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Writing a letter to your confirmation candidate

It seems that one of the biggest events in confirmation preparation in this country is the letters of support to be given to the confirmation candidates during their mandatory retreats.

I have three such letters saved on this blog:

Confirmation letter to my daughterConfirmation letter to my fourth sonConfirmation letter to to my third son
I've asked my children what they remember about the letter they got from me and their dad, and also what they remembered about the letters they received. 
The answer was not much, or at least nothing specific. In general they were happy to have gotten a bag full of letters and there was a sense of feeling loved and supported. I guess that's the main thing - for them to have a sense that this is an important step in their spiritual growth, and that people they know, love and respect have taken the time out of their lives to let them know that! So here are some tips on procuring and writing letters for young confirmation candidates. Start thinkin…

On losing a former pastor - Father McDonough





My former pastor, Father McDonough, passed away last evening. I'm not sure how old he was but the diocese web sites says he started his first assignment as parochial vicar in 1950. He was the pastor of the parish I have been in for the last 30 years, during the crucial time Mr. Pete and I were reverting back to our Catholic faith and having babies. He was always friendly and gentle with us and he made it easy for us to start coming to church every Sunday as a couple, and then with little babies and toddlers. By the time he left, I was the mother of three little boys, ages 6, 3 and newborn.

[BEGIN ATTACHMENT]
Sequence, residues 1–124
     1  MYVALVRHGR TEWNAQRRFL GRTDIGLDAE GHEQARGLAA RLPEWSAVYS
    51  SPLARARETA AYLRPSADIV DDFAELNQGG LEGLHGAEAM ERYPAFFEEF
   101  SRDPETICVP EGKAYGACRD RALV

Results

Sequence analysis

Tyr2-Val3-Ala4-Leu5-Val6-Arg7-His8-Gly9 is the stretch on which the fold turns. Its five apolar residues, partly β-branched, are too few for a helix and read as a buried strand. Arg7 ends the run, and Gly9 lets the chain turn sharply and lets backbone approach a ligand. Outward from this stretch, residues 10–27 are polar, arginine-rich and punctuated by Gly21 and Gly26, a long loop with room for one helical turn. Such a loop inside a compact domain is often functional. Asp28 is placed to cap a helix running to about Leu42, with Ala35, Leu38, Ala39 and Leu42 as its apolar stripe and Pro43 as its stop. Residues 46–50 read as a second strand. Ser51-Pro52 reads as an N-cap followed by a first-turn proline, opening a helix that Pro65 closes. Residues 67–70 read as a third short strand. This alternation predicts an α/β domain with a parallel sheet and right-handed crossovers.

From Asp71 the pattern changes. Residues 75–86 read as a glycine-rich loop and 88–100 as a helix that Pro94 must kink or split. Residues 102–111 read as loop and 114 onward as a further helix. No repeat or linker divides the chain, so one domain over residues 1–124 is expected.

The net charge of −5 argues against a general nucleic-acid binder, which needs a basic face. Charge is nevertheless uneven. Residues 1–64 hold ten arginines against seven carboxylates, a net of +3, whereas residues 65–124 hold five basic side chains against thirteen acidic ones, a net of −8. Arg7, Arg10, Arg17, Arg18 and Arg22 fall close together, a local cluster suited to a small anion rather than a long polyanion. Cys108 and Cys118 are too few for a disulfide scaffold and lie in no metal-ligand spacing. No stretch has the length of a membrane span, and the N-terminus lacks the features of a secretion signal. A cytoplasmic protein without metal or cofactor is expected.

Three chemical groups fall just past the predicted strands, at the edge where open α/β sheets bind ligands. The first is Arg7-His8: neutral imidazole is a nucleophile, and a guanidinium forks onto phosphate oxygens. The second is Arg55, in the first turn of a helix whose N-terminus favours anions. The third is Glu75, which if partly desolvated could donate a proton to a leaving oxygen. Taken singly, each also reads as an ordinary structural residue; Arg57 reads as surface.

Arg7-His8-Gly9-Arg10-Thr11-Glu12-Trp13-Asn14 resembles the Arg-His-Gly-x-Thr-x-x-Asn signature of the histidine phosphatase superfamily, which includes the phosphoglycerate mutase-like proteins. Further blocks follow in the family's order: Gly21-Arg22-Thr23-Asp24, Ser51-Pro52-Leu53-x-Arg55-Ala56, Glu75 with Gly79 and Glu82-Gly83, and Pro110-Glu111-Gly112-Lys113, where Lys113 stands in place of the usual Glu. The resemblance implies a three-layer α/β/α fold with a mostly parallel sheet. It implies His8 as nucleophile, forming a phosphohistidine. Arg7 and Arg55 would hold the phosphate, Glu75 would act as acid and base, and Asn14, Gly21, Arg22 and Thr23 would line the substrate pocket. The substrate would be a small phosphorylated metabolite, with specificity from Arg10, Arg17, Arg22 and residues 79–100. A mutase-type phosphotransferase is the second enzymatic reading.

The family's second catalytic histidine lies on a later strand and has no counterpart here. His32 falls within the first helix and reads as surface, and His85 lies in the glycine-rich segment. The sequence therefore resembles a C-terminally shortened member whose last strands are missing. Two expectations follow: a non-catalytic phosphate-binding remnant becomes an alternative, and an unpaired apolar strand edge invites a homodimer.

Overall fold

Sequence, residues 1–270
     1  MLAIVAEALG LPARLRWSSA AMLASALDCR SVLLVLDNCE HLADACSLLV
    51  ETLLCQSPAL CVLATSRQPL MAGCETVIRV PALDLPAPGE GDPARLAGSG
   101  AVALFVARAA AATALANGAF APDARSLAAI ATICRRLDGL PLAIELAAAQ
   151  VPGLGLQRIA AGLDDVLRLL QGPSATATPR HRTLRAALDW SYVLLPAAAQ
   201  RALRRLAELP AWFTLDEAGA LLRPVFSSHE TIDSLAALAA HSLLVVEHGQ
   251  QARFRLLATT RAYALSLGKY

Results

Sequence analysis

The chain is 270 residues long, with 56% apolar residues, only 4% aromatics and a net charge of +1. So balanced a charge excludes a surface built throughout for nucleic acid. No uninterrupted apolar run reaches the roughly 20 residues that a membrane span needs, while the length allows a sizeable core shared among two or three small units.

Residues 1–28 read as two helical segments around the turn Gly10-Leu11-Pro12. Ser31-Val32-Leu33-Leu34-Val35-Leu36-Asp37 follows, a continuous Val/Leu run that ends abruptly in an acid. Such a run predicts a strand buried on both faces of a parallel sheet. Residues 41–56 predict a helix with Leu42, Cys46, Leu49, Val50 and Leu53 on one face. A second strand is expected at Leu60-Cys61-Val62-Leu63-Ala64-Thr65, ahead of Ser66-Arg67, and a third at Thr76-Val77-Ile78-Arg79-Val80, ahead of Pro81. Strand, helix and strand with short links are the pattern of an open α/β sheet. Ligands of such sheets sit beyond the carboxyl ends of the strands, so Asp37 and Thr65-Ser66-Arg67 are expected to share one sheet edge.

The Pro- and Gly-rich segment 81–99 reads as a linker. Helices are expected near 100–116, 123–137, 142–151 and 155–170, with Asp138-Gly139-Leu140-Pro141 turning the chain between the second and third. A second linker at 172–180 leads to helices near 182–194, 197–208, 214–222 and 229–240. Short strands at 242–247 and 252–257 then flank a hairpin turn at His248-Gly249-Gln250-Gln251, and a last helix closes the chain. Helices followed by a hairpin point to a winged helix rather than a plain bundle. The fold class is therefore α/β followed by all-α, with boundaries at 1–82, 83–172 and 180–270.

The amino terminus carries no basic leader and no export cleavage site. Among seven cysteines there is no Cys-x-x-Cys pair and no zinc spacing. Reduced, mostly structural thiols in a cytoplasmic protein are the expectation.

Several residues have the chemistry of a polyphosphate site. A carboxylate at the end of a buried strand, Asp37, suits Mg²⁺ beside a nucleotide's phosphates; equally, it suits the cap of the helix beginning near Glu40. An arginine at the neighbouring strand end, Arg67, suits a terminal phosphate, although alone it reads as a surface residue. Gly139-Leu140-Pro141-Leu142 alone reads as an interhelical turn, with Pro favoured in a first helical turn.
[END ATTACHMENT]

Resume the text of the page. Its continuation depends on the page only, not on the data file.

It's funny how little things stay in your mind about someone, but my favorite memory of Father McDonough involves a very small gesture.

At his farewell mass, someone (I think it was the parish school) gave him a beautiful stole vestment. They presented it to him after the final blessing and he promptly put it on and wore it as he joined the procession recessing back down the aisle.

I was standing in the cry room with my little boys, holding the 3 year old up so that he could witness everything, and when Father McDonough passed by the glass, he stopped and held up his stole for me to see it. He stopped for ME to see it. He stopped for ME - the mother in the cry room with three noisy little boys - as if it was important that I see that stole and nod my appreciation and approval. I don't know why that meant so much to me, but that little acknowledgement certainly did.

I look forward to listening to every one else's memories of this kind priest at his funeral next week.


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